The Bureau of Economic Analysis revised estimate of the first quarter 2013 Gross Domestic Product showed an increase of 1.8%, that is from the fourth quarter of 2012 to the first quarter of 2013. The previous estimate was an increase of 2.4%. Revised fourth quarter real GDP increased 0.4%. In the third quarter, real GDP increased 3.1%. In the second quarter, real GDP increased 1.3%. Current-dollar GDP, the market value of the nation’s output of goods and services, increased at a revised rate of 3.1% or $120.0 billion in the first quarter of 2013 to a level of $15,984 billion. In the fourth quarter current dollar GDP increased 1.3% or $53.1 billion.
The Conference Board’s Leading Economic Index increased 0.1% in May to 95.2 (2002=100) following a 0.8% increase in April and a 0.3% decline in March.
The Conference Board Consumer Confidence Index which had improved in May increased again in June. It stands at 81.4 (1985=100) up from an adjusted 74.3 in May.
The Institute for Supply Management’s June Manufacturing Index registered 50.9%, an increase of 1.9% from May’s number of 49.0%, indicating expansion in manufacturing for the fifth time the first six months of 2013. The Non-Manufacturing Report for June was 52.2%, or 1.5% lower than the 53.7% reported for May, reflecting continued growth, but at a slower rate.
In May, retail and food services sales adjusted for seasonal variations were $421.1 billion, an increase of 0.6% from April and 4.3% above May 2012. March through May 2013 sales were up 3.7% from the same period a year ago.
Privately owned housing starts in May of 914,000 were 6.8% above the revised April estimate of 856,000 and were 28.6% above the May 2012 rate of 711,000. Single family housing starts in May were at a rate of 599,000 or 0.3% above the revised April figure of 597,000. New single home sales in May were at a seasonally adjusted annual rate of 476,000. This was 2.1% above the revised April rate of 466,000 and 29.0% above the May 2012 estimate of 369,000.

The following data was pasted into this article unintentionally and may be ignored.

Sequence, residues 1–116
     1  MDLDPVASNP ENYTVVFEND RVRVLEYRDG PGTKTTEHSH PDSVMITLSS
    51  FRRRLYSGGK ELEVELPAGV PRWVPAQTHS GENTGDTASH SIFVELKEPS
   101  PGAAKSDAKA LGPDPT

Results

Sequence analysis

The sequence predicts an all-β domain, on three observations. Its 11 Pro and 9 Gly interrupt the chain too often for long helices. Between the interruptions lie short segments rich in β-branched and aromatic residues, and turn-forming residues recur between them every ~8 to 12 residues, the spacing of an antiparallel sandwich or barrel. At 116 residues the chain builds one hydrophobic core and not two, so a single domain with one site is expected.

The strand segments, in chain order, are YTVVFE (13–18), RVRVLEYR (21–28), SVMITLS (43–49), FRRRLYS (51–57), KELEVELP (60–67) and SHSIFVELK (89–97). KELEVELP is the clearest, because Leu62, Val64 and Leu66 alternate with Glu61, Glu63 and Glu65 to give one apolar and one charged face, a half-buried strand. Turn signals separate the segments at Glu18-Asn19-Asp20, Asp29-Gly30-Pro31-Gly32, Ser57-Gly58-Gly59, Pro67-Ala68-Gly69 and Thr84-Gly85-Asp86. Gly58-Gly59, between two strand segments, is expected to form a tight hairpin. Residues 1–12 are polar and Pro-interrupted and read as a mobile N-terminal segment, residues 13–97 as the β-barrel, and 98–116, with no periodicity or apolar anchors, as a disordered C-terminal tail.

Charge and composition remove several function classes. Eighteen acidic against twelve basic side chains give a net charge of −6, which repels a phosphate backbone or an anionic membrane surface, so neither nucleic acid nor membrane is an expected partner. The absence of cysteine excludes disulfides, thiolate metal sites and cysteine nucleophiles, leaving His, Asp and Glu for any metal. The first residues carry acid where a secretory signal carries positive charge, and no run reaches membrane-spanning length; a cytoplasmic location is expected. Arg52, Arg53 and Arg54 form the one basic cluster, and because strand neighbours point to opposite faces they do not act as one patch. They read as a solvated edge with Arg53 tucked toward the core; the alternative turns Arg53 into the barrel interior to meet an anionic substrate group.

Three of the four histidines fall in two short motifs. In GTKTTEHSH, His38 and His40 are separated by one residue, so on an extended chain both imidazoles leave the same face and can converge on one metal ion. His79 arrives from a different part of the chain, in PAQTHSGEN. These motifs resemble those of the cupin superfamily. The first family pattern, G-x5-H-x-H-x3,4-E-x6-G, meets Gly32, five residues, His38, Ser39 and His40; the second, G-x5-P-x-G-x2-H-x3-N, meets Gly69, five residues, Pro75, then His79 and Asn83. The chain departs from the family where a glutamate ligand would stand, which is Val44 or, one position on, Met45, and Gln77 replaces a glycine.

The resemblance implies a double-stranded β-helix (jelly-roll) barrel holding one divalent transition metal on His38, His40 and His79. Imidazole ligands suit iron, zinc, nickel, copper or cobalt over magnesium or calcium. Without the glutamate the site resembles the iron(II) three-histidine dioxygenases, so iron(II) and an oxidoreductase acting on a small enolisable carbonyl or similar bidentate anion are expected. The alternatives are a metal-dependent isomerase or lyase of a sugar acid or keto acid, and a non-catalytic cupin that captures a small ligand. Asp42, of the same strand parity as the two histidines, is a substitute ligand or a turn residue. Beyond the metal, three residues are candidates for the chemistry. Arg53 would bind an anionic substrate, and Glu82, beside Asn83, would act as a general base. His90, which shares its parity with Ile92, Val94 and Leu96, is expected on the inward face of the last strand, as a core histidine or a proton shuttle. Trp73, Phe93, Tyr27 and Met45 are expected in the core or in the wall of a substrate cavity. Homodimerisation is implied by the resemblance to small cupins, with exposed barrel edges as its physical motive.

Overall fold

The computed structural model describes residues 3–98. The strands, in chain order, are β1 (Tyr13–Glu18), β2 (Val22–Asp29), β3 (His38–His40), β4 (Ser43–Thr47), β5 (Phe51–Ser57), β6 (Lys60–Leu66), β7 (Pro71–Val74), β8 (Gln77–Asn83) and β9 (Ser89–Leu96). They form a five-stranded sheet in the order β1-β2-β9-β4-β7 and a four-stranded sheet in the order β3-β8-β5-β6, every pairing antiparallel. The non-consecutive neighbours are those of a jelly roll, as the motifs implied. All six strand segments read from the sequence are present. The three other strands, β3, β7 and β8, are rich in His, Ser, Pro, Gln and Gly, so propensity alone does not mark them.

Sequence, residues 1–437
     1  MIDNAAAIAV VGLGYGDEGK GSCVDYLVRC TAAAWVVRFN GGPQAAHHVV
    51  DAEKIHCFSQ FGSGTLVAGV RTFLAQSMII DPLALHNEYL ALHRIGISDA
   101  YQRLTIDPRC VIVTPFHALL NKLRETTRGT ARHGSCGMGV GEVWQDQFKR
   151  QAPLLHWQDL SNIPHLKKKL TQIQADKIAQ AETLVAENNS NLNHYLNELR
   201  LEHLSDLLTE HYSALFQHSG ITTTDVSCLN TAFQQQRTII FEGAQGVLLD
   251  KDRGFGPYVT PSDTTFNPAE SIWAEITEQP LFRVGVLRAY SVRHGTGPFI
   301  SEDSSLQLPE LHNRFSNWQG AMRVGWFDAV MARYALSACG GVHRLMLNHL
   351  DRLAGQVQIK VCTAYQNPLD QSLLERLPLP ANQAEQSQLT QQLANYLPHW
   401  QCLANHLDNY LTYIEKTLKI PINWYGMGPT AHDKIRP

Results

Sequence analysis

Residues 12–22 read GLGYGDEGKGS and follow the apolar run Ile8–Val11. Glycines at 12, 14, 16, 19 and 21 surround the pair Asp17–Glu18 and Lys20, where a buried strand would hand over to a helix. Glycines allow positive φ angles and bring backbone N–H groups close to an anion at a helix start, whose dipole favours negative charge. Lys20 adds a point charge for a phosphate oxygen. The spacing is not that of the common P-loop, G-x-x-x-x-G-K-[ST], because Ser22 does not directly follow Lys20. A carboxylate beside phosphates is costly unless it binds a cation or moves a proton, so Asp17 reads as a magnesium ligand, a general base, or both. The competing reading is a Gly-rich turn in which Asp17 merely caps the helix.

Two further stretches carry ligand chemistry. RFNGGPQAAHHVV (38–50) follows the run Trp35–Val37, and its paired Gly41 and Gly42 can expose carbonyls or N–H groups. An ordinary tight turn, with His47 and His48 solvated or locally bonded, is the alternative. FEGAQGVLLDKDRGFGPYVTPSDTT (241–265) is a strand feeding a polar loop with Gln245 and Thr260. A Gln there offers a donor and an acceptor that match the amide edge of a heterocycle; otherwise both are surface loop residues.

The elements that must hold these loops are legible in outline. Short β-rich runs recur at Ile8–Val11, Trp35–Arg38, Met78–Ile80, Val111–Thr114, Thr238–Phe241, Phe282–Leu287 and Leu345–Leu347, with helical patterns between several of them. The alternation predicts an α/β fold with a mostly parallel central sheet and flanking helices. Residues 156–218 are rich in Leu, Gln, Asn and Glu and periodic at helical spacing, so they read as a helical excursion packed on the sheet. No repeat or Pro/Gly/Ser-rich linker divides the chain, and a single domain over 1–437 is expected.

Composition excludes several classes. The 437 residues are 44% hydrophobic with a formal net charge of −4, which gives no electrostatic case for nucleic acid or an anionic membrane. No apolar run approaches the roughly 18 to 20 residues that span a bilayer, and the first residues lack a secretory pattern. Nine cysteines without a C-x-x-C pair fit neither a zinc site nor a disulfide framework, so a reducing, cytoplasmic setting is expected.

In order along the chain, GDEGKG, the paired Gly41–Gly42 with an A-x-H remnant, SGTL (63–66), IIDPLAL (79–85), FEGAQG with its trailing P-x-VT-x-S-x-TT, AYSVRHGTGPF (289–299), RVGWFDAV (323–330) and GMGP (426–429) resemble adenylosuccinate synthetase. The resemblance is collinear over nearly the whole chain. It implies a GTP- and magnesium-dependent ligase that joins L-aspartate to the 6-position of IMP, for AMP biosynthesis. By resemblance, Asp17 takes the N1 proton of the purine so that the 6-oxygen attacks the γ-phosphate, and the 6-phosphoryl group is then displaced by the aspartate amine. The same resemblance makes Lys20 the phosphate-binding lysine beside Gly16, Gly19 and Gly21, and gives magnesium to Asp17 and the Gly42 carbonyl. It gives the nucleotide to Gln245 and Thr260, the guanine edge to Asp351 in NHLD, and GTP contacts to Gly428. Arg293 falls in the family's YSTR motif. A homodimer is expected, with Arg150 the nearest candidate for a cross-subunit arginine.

The National Association of Realtors reported that sales of existing homes rose in May. Existing home sales increased 4.2% to a seasonally adjusted annual rate of 5.18 million units, an increase of 12.9% from the same period a year ago. Distressed homes, foreclosures and short sales, accounted for 18% of May sales, unchanged from April, but the lowest number since monthly tracking began in 2008. They were 25% a year ago.
New orders for manufactured durable goods in May increased $8.0 billion or 3.6% to $231.0 billion. This increase, up three out of the last four months, followed a 3.6% increase in April.
May unfilled orders for manufactured durable goods increased $8.1 billion or 0.8% to $1,004.7 billion. This followed a increase of 0.3% in April.
Consumer Price Index for all urban consumers increased 0.1% in May on a seasonally adjusted basis. The US Bureau of Labor Statistics reported that over the last twelve months the all items index increased 1.4 % before seasonal adjustments. Food index, which rose in April, declined 0.3% in May. The shelter index rose 0.3% and accounted for more than half of the May increase.
The Producer Price Index for all finished goods increased 0.5 % in May, seasonally adjusted, following decreases of 0.7% in April and 0.6% in March. On an unadjusted basis prices for finished goods increased 1.7 % for the twelve months ended in May 2013.
Interest rate: Prime at 3.25%, unchanged since 12/16/08.
Inflation: Inflation rate in May reported at 1.4%. The April rate was 1.1%, March rate was 1.5%, February rate was 2.0%, and January rate was 1.6%. The average rate of 2.1% was reported for 2012. It is expected to rise slightly in 2013 to approximately 2.0%.
Industrial production was unchanged in May, having decreased 0.4% in April and increased 0.4% in March after having increased 1.1% in February. For the first quarter as a whole, output increased at an annual rate of 5.0%, the largest gain since the first quarter of 2012. At 98.7% of its 2007 average, total industrial production in May was 1.6% above its year-earlier level. Capacity utilization rate for total industry decreased to 77.6%, a rate 0.2% below the level of a year earlier, and 2.6% below its 1972 – 2012 average.
Unemployment: The June 2013 rate was little changed at 7.6%, and has shown little movement since February. The number of unemployed persons was reported at 11.8 million, basically unchanged. The Bureau of Labor Statistics stated that the long-term unemployed, i.e., jobless for 27 weeks and over was essentially unchanged at 4.3 million in June. Those individuals accounted for 36.7% of the unemployed. Over the past twelve months, the number of long-term unemployed has declined by one million. North Dakota continued to lead the nation with the lowest state unemployment rate in May of 3.2%; Nevada was reported highest at 9.5%, Illinois, Mississippi, and California close behind. An analysis completed for the US Conference of Mayors said that more than half of all US metro areas won’t regain the jobs lost in the recession until the second half of 2015 or later.